*lot of*work. Instead, I will write a tutorial on interpolation , someone else will write a tutorial about C #, and then the reader will combine the knowledge of C # with the knowledge of interpolation, and write their version of interpolation in C #.

Like transposition, decomposition does not always help, but if applicable, it can be quite useful.

## Backward brainstorming

In the previous two parts, I talked about how I sometimes approach the task, trying to arrange it into a matrix. Sometimes this does not help and then I try to look at the task in the opposite direction. Let's take a look at procedural map generation, for example. Often I start with a noise function, then add octaves, adjust parameters, and add layers. I do this because I need cards that have certain properties.

It is quite possible to start with experiments with parameters, but the parameter space is quite large, and it is not known whether I will find the parameters that are most suitable for my requirements. Therefore, having experimented a little, I stop and start thinking in the reverse order: if I can describe what I need, then this can help in finding the parameters.

It was this motivation that made me study algebra. If we have an equation of the form

*5x² + 8x - 21 = 0*, then what will be

*x*? When I did not know algebra, I would solve this equation, trying to substitute different values of

*x*, first choosing them randomly, and then adjusting them when I feel that I’ve got close to the solution. Algebra gives us a tool to go in a different direction. Instead of guessing the answers, she gives me an apparatus (decomposition, or quadratic equations, or the Newtonian method of iterative search for roots), which I can more consciously use to search for

*x*values (-3 or 7/5).

I feel like I often get into this kind of programming situation. While working on the generation of procedural maps, after experimenting with the parameters for some time, I stopped and compiled a list of what should be in the game worlds of one project :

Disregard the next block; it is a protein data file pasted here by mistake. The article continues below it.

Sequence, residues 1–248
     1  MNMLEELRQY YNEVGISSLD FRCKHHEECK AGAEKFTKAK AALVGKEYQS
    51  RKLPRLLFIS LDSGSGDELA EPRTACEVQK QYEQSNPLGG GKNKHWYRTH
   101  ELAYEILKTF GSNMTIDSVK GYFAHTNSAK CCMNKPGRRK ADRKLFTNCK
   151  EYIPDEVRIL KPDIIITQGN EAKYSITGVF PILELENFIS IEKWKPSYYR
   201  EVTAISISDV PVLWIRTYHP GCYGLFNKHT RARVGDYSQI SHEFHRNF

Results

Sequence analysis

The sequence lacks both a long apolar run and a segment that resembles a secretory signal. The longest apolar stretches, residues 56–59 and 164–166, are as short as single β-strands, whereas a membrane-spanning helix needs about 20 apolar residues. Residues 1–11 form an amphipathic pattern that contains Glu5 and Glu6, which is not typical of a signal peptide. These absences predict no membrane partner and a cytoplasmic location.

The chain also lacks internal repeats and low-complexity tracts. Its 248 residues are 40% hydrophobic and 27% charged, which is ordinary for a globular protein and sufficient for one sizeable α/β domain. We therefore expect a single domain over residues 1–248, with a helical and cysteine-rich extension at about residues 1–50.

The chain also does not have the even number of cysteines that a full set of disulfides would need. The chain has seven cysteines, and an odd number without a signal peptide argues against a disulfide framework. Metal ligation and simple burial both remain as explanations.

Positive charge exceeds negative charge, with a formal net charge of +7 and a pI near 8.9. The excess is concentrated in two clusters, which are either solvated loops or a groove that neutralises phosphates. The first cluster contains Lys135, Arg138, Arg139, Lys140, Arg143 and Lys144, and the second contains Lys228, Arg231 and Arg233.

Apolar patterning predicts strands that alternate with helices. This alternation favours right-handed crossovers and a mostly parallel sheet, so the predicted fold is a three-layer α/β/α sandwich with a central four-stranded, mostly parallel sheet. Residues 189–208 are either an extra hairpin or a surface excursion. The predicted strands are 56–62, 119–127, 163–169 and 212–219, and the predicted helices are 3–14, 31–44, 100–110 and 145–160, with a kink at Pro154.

- Players must start the game far from the coast.
- When leveling up, players must climb uphill.
- Players should not be able to reach the edge of the map.
- As the level grows, players must join in groups.
- There should be simple monsters on the coasts without much variation.
- On the plains there should be a wide variety of monsters of medium difficulty.
- In mountainous areas there must be complex boss monsters.
- There must be some kind of landmark that allows players to remain at the same level of difficulty, and another landmark that allows you to rise or fall in the level of difficulty.

The compilation of this list led to the creation of the following restrictions:

- Game worlds should be islands with many coasts and a small peak in the center.
- Altitude should correspond to the complexity of monsters.
- At low and high altitudes, there should be less variability of biomes than at medium altitudes.
- Roads should remain at the same level of difficulty.
- Rivers should flow from large to small heights, and provide players with the ability to move up / down.

These limitations led me to design a map generator. And he led to the generation of a

*much*better set of cards than those that I received by adjusting the parameters, as I usually do. And the resulting article interested many people in creating maps based on Voronoi diagrams.

Unit tests are another example. It is suggested that I should come up with a list of examples to test. For example, for grids of hexagons, I might think that I need to check a condition

`add(Hex(1, 2), Hex(3, 4)) == Hex(4, 6)`

. Then I remember that you need to check the zeros: `add(Hex(0, 1), Hex(7, 9)) == Hex(7, 10)`